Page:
Thank you to Boise blogger, Megan Sutton, for allowing us to re-post her mid-May blog, Salad Greens: Seeds Worth Sowing. Megan has a love of lettuce, photography and would like to share her experiences with you. Thank you Megan!
How much do you like to eat salad – and not just iceberg lettuce, but fancy kinds like romaine, endive, butterhead and mustard greens? How much do you hate buying expensive bags of salad at the store? And how often does the bag start to get wilty before you can eat all of it? It’s time to consider growing your own! Lettuce is an easy crop to grow. The main factors, especially in a climate like ours, are shade and moisture. If you grow it in a spot that gets 3-6 hours of sun a day, it should do pretty well. If you want to grow it in a full sun area, it will require lots of water. The first year I grew lettuce, I grew it right next to my tomatoes and cucumbers in my garden bed that gets 8+ hours of sun. It did really well (and got very big) since it got watered along with our lawn, and eventually bolted (went to seed)!
Any container deeper than 6 inches is great for growing salad greens. Last year, we built this salad table to grow ours in and its doing very well sitting in partial shade. Since the soil is shallow, I water everyday by hand. Get creative! I’ve seen pictures of a little red wagon with salad in it! Wine boxes, plastic pots, just about anything will do.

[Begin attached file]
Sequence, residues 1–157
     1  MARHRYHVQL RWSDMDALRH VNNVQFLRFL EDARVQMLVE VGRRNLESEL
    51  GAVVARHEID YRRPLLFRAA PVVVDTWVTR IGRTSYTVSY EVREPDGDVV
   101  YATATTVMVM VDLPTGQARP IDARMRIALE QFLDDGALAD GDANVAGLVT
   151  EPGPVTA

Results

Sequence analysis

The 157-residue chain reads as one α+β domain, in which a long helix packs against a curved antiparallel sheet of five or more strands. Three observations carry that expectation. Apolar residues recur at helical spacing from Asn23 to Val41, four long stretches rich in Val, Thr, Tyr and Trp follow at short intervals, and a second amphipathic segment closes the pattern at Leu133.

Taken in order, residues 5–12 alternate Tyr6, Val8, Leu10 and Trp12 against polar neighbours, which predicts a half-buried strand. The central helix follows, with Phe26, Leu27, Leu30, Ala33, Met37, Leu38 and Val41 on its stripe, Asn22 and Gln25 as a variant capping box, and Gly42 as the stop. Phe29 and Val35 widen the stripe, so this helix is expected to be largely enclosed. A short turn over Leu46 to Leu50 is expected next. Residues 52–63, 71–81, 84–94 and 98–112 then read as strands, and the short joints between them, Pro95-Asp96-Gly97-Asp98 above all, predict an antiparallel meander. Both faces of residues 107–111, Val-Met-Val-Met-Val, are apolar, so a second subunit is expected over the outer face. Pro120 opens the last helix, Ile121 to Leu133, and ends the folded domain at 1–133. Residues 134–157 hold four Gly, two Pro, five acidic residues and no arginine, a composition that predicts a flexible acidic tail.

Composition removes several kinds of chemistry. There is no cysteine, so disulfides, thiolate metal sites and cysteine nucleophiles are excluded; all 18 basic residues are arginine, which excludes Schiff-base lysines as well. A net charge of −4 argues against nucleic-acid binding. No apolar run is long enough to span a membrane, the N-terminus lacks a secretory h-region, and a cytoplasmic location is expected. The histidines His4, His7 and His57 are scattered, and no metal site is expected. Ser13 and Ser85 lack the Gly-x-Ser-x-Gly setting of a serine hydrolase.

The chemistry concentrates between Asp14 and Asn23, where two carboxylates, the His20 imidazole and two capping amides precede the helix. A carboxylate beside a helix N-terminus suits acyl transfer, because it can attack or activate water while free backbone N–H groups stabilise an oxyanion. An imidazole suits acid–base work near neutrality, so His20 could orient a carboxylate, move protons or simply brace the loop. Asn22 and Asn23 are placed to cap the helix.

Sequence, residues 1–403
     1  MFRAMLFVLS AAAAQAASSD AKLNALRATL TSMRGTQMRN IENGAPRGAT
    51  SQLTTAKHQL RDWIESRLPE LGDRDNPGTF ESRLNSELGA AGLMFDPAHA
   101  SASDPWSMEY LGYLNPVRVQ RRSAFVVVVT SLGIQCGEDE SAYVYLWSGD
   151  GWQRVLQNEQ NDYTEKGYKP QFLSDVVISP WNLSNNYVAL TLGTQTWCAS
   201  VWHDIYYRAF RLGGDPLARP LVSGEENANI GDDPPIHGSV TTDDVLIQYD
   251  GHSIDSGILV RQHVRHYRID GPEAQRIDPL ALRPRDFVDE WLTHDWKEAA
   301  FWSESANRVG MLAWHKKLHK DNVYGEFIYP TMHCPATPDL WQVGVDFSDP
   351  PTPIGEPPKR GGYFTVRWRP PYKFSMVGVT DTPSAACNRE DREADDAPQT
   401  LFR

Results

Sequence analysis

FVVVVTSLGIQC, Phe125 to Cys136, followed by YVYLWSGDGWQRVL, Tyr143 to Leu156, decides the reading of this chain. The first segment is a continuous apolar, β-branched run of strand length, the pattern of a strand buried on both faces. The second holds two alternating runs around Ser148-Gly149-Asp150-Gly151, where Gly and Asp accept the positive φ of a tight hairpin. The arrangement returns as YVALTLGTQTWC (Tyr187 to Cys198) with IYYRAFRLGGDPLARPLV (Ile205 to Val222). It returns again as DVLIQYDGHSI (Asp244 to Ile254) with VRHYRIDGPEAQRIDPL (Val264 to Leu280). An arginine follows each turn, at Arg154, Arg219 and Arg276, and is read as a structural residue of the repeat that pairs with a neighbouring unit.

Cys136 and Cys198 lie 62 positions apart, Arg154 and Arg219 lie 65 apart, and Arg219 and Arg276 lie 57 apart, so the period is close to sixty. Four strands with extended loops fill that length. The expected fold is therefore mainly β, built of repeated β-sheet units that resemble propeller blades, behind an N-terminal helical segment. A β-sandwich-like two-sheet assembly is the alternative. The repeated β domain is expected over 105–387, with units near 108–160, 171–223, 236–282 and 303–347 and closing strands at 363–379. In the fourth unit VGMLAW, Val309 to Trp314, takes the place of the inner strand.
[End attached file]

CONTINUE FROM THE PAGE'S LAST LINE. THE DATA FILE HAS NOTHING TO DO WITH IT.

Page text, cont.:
The variety available is overwhelming. Generally, they can be categorized into two types: head and loose-leaf. Head lettuce includes things like butter crunch and radicchio; loose-leaf includes romaine, mizuna and oakleaf. I recommend trying both kinds. If you buy seeds or small starter plants at a store, you may see what is called “mesclun” which means that several kinds of loose-leaf lettuces are mixed together.
As head lettuces grow, their outer leaves can be trimmed and used for salads. Eventually the head will start to form and once its the size you want, dig it up! Looseleaf varieties continuously sprout new leaves and can be cut regularly to make a tasty meal or used in sandwiches.
Yet more variety can be had if you try other greens such as spinach, Swiss chard, kale, and bok choi! Go get some seeds and get started. I think you’ll be glad you gave salad greens a try.